2.0.4 Low-Code Engineering

Despite remarkable IT/OT integration achievements, the current state of developing complex IIoT applications is still far from satisfactory [udoh2018developing]. The concept of low-code engineering and corresponding platforms, such as Mendix [Litman2018], are introduced to support fast application development without a prerequisite of having enhanced coding skills [ihirwe2020low]. Low-code concepts find their applications in the manufacturing domain [Sanchis2020] [waszkowski2019low], allowing to quickly build industrial applications based on the services provided by the machines on the shop floor. To match the business requirements with the existing functionalities of the machines and compose them meaningfully, we use the notion of recipes [Thuluva2017] as an easy way to model such compositions. Recipes can be seen as application templates [Thuluva2020] developed to solve a class of problems and can be later easily configured for a specific use case.

3 Approach

We present SeLoC-ML considering the interoperability and deployment obstacles in ML applications in IIoT. This section starts by introducing the framework setup. The proposed architecture relies on a semantic system designed to cover but not be limited to the use case addressed in this study. We illustrate the semantic system, from the ontology to the semantic services. Next, a simplified KG and two SPARQL queries are presented to exemplify the system’s advantages. We then propose integrating SeLoC-ML into the Siemens Mendix low-code platform allowing developers to easily identify and matchmake components, deploy NN models to the devices upon matching, and quickly prototype IIoT user applications.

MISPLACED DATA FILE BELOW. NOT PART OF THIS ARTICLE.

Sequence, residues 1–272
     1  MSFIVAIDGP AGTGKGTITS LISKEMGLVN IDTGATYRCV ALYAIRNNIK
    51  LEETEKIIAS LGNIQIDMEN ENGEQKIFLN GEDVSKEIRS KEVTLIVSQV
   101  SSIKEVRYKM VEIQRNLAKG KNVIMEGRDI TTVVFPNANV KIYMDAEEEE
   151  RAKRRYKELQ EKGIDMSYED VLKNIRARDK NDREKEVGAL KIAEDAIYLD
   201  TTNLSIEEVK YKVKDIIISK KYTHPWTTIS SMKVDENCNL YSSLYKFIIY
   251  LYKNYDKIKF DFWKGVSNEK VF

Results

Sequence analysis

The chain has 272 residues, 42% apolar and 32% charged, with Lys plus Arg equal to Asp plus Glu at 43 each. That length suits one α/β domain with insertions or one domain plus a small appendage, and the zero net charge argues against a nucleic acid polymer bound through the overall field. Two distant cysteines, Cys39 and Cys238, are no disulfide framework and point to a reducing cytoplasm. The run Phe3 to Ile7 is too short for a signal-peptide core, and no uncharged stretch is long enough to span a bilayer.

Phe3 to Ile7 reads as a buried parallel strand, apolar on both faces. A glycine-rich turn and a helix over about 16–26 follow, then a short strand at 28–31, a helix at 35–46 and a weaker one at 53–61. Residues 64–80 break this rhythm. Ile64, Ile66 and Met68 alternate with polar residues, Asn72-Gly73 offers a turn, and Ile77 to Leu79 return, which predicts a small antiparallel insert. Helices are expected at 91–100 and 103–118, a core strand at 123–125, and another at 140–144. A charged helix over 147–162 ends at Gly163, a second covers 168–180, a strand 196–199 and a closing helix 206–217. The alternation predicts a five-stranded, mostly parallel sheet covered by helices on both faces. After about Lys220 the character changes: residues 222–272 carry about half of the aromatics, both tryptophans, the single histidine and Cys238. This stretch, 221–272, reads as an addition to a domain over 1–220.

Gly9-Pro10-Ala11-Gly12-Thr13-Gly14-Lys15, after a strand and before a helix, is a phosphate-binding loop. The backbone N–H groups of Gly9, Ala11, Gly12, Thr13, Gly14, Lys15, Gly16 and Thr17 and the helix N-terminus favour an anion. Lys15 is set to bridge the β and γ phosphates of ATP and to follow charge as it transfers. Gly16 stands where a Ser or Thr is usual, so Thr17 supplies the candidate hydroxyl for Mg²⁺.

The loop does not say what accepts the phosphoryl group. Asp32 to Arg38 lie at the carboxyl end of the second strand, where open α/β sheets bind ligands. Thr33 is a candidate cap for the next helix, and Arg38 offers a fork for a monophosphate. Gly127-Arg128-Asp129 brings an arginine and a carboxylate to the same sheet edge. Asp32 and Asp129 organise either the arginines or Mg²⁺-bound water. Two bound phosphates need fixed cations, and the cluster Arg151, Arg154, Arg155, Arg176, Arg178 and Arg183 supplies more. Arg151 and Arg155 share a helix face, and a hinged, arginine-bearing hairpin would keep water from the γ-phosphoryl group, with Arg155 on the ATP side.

3.1 Framework Architecture

Figure 1: Framework architecture of SeLoC-ML.